Overall, the VivoBook S was a dream to test and use. It kept up with any task we put it up against, and we didn’t notice any significant slowdown or over zealous fans to keep it cool. Between Slack and Chrome, both of which are known to eat away at resources even when idle, the VivoBook S still kept up with our use.
Here’s how the Asus VivoBook S510U performed in our suite of benchmark tests:
3DMark: Sky Diver: 3,784; Fire Strike: 768; Time Spy: 355
Cinebench CPU: 364 points; Graphics: 36 fps
GeekBench: 4,124 (single-core); 8,058 (multi-core)
PCMark 8 (Home Test): 2,870 points
PCMark 8 Battery Life: 3 hours and 12 minutes
Battery Life (TechRadar movie test): 5 hours and 48 minutes
Where the VivoBook S struggled the most, especially against the Dell XPS 13, is in battery performance. Otherwise, it was within a couple hundred points (above or below) in our performance benchmark tests.
But, for battery life, the PCMark 8 test came back at only 3 hours and 12 minutes. In contrast, the Dell XPS 13 hit 4 hours and 3 minutes.
The biggest difference was during our movie test, with the VivoBook S registering 5 hours and 48 minutes, whereas the XPS 13 managed over 7 hours.
A giant sticker on the VivoBook S claims expected battery life is eight hours, or “full workday freedom.” Regrettably, our testing didn’t return those same results.
Out of the box, the touchpad is set up with left and right click sections, separated by a line in the middle of the plastic covered touchpad. Click within either section and it initiates the respective action. This isn’t an uncommon setup, with a lot of fellow laptop makers implementing a similar system.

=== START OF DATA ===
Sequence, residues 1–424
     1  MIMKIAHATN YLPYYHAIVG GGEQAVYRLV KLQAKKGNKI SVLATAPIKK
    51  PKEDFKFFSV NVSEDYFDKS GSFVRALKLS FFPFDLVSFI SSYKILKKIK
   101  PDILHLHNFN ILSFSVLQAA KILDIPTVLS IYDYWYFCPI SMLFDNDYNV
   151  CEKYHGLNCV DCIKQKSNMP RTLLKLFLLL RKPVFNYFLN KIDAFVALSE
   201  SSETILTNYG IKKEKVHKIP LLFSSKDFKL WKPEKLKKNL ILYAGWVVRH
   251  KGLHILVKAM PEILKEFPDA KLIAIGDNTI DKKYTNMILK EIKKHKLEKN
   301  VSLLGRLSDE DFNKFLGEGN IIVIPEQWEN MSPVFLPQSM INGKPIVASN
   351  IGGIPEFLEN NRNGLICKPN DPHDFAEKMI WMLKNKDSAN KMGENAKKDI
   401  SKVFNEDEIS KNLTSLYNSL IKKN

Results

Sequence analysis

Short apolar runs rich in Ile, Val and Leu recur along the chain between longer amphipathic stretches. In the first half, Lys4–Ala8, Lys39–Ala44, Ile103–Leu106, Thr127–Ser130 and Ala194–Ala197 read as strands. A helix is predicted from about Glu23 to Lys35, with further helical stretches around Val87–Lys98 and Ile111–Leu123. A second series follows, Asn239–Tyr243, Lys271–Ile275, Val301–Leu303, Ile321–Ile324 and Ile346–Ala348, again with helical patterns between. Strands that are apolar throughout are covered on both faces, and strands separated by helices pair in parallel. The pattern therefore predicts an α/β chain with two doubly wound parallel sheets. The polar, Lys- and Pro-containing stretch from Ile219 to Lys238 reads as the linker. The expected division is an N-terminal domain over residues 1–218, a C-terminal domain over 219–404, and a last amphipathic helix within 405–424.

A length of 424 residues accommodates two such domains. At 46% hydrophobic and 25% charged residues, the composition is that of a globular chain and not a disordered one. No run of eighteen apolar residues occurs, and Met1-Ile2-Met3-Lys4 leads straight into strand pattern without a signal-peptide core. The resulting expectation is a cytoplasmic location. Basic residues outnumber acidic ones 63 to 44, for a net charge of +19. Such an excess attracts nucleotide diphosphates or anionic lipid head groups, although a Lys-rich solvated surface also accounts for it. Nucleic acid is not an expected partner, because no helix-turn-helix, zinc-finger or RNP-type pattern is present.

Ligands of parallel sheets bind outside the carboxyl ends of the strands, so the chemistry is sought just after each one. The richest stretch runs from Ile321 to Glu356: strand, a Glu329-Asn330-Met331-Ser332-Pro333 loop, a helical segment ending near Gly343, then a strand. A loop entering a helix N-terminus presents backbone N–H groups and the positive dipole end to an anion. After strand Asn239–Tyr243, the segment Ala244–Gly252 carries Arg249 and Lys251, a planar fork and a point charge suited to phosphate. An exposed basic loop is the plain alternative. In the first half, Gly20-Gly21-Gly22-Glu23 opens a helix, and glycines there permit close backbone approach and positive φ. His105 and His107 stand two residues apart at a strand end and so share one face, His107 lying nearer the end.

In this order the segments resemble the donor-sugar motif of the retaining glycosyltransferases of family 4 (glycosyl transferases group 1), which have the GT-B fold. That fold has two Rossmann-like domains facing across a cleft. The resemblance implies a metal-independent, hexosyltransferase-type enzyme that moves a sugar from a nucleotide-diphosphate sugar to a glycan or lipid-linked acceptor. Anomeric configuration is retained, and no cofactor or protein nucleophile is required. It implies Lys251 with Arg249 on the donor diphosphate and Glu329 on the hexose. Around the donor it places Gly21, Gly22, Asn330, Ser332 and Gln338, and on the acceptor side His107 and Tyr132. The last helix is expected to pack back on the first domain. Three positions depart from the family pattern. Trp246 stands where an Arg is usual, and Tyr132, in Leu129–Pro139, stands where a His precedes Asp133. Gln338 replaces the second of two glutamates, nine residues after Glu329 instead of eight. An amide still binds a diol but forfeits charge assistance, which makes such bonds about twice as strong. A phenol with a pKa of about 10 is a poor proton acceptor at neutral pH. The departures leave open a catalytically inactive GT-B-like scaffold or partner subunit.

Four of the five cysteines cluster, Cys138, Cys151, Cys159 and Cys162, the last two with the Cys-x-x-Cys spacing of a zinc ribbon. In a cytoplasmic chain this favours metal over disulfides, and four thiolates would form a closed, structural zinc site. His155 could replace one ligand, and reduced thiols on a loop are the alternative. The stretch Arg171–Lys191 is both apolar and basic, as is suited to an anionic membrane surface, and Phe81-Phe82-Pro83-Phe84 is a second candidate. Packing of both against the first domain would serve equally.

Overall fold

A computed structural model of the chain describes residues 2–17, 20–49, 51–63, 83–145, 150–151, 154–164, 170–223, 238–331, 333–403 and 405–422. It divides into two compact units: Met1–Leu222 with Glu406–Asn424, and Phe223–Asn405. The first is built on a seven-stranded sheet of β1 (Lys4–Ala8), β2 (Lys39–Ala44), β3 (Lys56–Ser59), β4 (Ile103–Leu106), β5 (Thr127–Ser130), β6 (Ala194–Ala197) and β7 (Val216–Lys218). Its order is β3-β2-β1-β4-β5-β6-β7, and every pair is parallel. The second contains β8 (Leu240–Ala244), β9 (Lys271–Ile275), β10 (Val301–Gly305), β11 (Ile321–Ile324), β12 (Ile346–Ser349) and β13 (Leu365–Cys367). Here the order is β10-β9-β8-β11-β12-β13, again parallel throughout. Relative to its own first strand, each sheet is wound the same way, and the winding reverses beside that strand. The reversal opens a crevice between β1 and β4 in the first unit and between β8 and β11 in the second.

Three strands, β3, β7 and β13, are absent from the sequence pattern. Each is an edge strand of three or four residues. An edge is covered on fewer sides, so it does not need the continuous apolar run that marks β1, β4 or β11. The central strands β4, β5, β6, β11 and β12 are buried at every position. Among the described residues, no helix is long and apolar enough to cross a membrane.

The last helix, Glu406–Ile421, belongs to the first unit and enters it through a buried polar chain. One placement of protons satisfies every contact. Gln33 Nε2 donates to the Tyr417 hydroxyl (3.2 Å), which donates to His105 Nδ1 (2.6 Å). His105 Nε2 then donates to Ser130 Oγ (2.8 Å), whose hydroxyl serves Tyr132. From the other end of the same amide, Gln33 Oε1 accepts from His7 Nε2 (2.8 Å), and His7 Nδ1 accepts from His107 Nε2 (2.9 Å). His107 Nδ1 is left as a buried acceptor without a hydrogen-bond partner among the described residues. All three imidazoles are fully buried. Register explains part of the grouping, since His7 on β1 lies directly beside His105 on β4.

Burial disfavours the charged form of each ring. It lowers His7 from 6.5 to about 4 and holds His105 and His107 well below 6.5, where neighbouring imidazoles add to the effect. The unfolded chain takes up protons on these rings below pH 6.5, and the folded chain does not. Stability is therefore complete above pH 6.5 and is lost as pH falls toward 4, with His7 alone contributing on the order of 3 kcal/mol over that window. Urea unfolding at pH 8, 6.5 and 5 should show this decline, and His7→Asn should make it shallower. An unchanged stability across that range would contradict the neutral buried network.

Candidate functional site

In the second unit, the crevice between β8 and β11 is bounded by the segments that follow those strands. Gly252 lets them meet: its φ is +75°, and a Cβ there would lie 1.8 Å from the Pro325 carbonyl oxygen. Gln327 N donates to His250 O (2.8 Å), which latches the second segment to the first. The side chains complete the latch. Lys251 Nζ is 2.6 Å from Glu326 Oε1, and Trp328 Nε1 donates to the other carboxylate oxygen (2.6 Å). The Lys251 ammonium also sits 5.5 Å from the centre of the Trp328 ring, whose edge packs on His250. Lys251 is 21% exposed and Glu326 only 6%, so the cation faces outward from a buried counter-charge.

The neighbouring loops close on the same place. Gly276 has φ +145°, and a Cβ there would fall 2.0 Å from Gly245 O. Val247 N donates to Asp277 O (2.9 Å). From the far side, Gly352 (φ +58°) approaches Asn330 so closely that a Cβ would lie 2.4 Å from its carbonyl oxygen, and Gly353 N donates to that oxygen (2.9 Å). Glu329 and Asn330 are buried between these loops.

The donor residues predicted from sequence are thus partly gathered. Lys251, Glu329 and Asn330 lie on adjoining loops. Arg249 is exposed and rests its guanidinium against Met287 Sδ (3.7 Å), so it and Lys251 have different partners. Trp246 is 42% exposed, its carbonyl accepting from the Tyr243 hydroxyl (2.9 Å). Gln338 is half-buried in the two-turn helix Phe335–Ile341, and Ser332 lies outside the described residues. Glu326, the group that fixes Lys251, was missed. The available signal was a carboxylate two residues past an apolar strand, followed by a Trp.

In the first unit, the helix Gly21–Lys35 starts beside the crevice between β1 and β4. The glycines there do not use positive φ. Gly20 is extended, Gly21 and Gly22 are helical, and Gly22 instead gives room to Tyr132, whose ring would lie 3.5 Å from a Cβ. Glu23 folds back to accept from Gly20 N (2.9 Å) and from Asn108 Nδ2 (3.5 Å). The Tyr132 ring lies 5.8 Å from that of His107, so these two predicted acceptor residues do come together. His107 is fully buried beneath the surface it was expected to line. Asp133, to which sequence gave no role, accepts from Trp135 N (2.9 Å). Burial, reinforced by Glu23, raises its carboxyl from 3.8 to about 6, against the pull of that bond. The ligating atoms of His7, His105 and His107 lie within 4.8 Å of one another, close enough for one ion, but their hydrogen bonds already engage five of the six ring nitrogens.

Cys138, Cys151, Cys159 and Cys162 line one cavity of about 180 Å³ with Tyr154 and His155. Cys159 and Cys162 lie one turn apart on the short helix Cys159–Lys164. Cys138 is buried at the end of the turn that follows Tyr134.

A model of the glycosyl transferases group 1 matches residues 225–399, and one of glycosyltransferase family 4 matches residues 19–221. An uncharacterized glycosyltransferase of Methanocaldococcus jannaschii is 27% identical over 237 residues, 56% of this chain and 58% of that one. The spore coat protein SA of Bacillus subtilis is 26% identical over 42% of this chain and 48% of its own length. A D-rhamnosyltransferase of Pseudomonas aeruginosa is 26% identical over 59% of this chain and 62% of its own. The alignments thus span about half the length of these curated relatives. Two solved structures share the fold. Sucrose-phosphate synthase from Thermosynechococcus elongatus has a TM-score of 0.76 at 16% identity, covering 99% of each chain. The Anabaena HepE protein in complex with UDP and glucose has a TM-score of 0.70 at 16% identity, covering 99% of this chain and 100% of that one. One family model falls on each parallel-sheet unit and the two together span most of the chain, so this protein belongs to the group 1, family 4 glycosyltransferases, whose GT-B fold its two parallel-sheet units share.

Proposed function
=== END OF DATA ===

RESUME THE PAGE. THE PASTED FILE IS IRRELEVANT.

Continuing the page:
WIth the VivoBook S, however, we grew frustrated of just how finicky the invisible sections are, resulting in frequent errant right-clicks. As we absent-mindedly scrolled or gestured across the pad to select a link on a web page, for example, we would accidentally trigger a right-click despite our finger staying above the invisible line. Or so we thought, perhaps there’s a subconscious push towards the bottom of the trackpad due to the placement of the fingerprint sensor.
Thankfully, the easy fix is to disable right-click in the lower right corner of the touchpad in the Windows 10 settings menu. But, for those who’d rather use the the bottom corner as either forms of a click, there’s going to be a fine line you’ll need to learn to walk.
Other odds and ends
The keyboard doesn’t deserve strong accolades, nor does it warrant criticism. It’s an average keyboard, with adequate spacing, and suitable travel in the keys.
The 1080p display could be a touch brighter especially for outdoor use. Outside of the brightness issue, the display is sharp, with vivid colors and saturation. It really shines when watching a movie or viewing photos, as well reading crisp text on websites or in documents.
For the price, the VivoBook S is an affordable laptop that’s sure to please the average user who doesn’t need to edit video files or plan on intense gaming sessions. It’s build quality is stellar, to boot.
At risk of repeating ourselves, the fingerprint sensor would benefit from being in a different location. Battery life is a disappointment, too, especially with a laptop of this size.
For those looking for a laptop around the $800 mark, where storage and screen size are the main priorities, the VivoBook S hits all the right notes. Between the hybrid SSD and HDD storage setup, the 7th gen i7, and 8GB of RAM, performance isn’t an issue.
The biggest detractor comes down to battery life, and even then it’s not horrible. It would, however, be nice if it came closer to a full day of use as Asus claimed. All told, you’re looking at an average Windows laptop for the average user that would be worth more serious consideration whenever Asus decides to snip the price a bit.